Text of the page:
The parade that is Abbot Kinney Boulevard in Venice is in full swing on a Sunday afternoon. Parents wrestle Bugaboos through the crowded street. Shoppers use iPhones to snap photos of sales displays. At Intelligentsia, hipsters linger over $5 cups of sourced coffee.
You make your way through it all on the way to a quiet courtyard near California Street. There, behind a clothing shop and a hair salon, seated beneath a towering tree, is Yo Takimoto, master Japanese woodcarver, ready to teach. Takimoto, 61, a native of Yokohama, is wearing loose denim pants, a soft cotton T-shirt and tatami sandals on his bare feet.
On one side of the courtyard is a selection of wood — small segments of manzanita, giant sequoia, juniper, driftwood, black persimmon, old plum. Across the way lies an array of implements — simple Japanese knives and chisels, thumb protectors, bandaids, sandpaper and bees wax.
The class begins the minute the first student enters. Takimoto helps him select a piece of wood, hands over a knife and shows how to use it. A few quick strokes and, with the instruction to let the wood speak for itself, the student is launched. The courtyard quickly fills up, the wood carvers intent on the task at hand, the transformation taking place in their hands.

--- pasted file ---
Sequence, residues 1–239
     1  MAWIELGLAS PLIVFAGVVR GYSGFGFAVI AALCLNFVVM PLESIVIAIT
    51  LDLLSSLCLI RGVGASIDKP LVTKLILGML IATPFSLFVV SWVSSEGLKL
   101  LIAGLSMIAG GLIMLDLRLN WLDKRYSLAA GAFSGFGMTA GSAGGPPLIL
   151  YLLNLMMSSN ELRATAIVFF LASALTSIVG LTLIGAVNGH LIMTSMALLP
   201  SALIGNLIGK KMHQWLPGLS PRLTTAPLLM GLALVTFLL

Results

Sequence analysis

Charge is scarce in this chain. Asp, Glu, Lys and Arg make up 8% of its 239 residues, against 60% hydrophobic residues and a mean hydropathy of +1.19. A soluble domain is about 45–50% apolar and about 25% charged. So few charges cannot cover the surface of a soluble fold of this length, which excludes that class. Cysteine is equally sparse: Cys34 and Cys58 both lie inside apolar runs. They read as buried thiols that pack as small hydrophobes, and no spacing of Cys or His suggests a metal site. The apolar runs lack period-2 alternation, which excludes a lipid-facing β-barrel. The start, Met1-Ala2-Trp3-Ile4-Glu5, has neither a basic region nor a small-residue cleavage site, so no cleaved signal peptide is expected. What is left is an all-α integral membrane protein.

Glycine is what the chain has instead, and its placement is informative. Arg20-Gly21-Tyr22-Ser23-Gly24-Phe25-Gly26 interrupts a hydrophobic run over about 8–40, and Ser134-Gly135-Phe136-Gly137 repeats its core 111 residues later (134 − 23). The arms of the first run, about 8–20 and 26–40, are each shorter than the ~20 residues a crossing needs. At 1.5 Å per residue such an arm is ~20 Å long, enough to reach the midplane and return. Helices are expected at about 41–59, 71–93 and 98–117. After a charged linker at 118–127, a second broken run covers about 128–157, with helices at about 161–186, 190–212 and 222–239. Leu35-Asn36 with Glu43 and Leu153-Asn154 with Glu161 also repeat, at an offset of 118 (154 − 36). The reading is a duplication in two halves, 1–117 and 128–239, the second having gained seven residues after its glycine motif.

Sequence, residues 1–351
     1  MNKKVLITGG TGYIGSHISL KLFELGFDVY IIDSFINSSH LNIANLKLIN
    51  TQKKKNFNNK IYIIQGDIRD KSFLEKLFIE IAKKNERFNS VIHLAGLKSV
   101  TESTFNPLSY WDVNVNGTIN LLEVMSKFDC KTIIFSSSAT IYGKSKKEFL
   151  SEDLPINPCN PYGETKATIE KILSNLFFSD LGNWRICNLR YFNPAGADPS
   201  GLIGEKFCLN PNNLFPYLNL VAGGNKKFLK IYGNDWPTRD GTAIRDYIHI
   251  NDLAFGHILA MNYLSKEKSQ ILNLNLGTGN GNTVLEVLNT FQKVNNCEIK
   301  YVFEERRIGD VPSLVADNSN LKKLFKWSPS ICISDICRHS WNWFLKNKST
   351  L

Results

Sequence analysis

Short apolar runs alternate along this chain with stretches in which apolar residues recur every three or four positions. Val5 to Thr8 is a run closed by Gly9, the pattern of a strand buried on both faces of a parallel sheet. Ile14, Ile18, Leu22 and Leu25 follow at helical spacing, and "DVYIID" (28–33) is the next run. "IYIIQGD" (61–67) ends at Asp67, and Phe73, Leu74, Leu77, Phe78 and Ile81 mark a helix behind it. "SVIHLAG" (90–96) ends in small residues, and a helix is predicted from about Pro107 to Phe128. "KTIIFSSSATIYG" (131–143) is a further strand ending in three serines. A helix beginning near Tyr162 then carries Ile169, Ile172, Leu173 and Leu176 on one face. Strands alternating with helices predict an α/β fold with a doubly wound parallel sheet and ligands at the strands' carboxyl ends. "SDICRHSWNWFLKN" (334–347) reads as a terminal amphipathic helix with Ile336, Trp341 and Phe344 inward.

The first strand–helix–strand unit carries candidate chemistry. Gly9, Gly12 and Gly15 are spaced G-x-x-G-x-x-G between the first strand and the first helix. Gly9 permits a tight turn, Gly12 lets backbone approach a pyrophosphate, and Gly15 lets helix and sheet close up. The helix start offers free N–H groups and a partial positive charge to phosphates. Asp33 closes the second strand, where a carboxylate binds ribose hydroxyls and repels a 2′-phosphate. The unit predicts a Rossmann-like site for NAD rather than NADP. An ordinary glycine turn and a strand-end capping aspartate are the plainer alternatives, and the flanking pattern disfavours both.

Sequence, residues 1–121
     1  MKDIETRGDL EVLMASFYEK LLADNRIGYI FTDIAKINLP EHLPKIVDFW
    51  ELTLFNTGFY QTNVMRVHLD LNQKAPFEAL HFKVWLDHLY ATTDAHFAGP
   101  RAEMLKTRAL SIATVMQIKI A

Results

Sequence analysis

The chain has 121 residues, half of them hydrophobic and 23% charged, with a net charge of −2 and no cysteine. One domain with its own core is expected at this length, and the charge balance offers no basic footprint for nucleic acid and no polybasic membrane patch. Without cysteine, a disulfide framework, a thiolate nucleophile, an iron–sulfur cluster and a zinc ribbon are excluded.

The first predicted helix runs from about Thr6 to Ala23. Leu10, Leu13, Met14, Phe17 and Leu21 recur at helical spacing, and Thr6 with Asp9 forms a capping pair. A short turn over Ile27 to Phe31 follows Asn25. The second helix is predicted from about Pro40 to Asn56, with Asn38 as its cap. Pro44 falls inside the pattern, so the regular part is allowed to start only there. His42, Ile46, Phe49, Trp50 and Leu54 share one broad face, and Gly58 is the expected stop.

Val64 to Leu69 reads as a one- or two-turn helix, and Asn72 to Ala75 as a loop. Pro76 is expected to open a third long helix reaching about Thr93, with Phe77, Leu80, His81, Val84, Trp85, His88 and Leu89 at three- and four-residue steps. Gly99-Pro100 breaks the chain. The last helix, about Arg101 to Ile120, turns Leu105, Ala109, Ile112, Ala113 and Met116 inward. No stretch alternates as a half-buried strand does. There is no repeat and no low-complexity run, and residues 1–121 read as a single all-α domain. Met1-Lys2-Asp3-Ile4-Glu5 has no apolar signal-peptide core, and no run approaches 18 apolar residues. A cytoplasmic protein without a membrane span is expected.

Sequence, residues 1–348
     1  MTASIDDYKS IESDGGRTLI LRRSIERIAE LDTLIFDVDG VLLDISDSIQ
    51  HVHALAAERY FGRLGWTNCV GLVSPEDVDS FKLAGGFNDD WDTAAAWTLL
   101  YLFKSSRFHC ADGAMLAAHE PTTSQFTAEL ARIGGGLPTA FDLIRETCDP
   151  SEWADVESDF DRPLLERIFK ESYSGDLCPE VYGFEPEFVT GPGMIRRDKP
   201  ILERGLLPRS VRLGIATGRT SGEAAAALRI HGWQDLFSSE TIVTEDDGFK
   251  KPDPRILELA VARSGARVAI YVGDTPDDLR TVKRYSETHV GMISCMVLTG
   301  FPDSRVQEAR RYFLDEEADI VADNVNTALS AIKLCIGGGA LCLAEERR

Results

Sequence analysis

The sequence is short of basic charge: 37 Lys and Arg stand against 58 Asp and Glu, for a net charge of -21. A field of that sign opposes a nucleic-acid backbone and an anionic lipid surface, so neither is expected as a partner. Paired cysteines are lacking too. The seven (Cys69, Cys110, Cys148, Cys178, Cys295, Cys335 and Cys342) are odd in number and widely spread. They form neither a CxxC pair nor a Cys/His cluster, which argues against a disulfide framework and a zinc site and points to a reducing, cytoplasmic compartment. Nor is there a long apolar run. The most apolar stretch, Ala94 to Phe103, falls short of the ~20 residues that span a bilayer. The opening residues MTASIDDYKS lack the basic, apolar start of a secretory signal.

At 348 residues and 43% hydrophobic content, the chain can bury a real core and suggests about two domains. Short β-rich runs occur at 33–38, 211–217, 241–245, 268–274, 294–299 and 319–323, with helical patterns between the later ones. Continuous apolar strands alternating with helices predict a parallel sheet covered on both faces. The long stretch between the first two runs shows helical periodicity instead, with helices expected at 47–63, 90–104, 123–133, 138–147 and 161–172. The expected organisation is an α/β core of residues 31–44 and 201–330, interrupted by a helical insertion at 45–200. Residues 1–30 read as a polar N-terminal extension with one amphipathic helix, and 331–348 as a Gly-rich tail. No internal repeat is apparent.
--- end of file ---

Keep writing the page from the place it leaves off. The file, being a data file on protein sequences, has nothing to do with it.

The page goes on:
"I want my students not to think about the final image or the final shape," Takimoto says. "I want them to study the wood, let the wood speak."
The USC-trained architect left a successful career as a city planner in Japan in order to devote himself to carving, and he makes sure the wood has the last word. One by one he joins each student, offers comments and suggestions, sometimes makes a few swift cuts to send a project on its way.
"Whenever I carve, for three hours I don't know the final shape of the wood, not until the end, when it appears," Takimoto says.
For David Blankenship, a 43-year-old graphic designer from Hollywood, this is his 20th class with Takimoto.
"I love the bristlecone pine, which smells fantastic," Blankenship says. "For three hours, I think of nothing but this piece of wood. On many Sundays, this is what I need to face another Monday."
As the class nears its close, Takimoto hands out small pieces of sandpaper. The students polish their pieces, working their way through varying grits to end with a thin-ribbed reed of horsetail. The final task — a coating of soft, fragrant beeswax — adds depth to the wood and makes it glow.
"I learned when I was a boy to carve wood," Takimoto says. "Then I went into business and I forgot. So I changed my business again and now I work with the wood again, in the Japanese way, to feel the tender heart of nature."
Takimoto's classes are offered through Tortoise General Store in Venice, (310) 314-8448, http://www.tortoisegeneralstore.com. The cost is $30 for three hours. The sessions sell out quickly.